You might think you know everything about Louis Vuitton and the brand's artistic director Marc Jacobs, but as the new exhibit, creatively titled "Louis Vuitton - Marc Jacobs: The Exhibition," reveals, you have no idea.
Although rumors persist that Jacobs will leave Louis Vuitton for Christian Dior, the native New Yorker's aesthetic has become critical to the image of the French fashion house. However, Jacobs, who has been the artistic director of Louis Vuitton since 1997, is just one of many to have helmed the house since it was founded in 1854.
When the brand's namesake, who was born in 1821 in eastern France, founded Louis Vuitton in the 19th century, it was initially an inventive luggage company that specialized in "packing of fashions." The first trunks were not even the leather Louis Vuitton is known for today, but actually waterproof waxed canvas. Vuitton's son, Georges Vuitton, took over the brand in 1896 and was the one who is responsible for inventing the "LV" monogram.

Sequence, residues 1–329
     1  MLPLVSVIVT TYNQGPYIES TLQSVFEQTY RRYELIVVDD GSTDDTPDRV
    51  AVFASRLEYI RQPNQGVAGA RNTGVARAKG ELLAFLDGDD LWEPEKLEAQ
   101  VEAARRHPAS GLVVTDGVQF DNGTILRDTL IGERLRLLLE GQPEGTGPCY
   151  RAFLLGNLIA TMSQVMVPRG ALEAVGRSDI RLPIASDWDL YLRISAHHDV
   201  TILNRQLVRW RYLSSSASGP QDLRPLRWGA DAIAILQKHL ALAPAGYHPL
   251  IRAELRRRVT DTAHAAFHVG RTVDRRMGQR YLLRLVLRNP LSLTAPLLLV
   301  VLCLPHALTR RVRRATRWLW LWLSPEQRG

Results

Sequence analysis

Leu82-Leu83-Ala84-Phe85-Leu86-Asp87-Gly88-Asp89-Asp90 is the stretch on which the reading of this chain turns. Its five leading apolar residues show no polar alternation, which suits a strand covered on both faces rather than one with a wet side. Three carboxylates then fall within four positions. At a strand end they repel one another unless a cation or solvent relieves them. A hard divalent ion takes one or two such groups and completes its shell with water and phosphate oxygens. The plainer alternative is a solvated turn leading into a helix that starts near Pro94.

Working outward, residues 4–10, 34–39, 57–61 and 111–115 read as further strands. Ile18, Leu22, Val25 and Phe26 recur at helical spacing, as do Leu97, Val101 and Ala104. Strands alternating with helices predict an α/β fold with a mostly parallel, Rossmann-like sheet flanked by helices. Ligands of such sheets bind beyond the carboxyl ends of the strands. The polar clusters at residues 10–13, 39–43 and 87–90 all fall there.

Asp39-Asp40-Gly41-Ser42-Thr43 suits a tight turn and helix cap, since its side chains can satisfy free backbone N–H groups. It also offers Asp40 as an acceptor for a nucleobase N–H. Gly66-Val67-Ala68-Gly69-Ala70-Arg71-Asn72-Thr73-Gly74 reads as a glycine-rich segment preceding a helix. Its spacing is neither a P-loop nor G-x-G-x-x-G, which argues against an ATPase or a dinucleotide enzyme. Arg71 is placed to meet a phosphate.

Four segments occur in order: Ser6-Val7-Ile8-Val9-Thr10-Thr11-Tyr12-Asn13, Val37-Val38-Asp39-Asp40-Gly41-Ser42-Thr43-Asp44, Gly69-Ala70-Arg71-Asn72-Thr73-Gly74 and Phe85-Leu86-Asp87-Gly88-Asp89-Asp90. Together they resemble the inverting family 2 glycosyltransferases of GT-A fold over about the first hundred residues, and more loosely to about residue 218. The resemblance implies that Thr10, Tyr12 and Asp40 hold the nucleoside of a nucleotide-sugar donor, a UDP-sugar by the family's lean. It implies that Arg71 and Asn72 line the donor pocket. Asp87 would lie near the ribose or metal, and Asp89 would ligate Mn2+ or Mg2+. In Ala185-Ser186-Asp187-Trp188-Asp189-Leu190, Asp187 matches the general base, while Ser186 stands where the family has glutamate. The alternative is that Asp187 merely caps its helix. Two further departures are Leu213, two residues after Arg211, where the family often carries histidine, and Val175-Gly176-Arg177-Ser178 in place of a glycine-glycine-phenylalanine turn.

Fast-forward a century and enter Marc Jacobs. The current exhibit, which was celebrated Wednesday night by the designer-of-honor along with Gwyneth Paltrow, Sarah Jessica Parker and more, links the stories of both Marc Jacobs and Louis Vuitton and shows a wide range of Louis Vuitton's history: including pieces from the brands heritage like a trunk from to 1869-1871 that pre-dates the signature monogramed leather and more contemporary pieces like Takashi Murakami's cherry monogram canvas bag from 2005 and more.
How do you think the brand changed over the past three centuries? Check out the slideshow below for images from the exhibit and the upcoming book, "Louis Vuitton/Marc Jacobs" available this May:
And, check out the celeb-filled fete that celebrated the opening of the exhibit: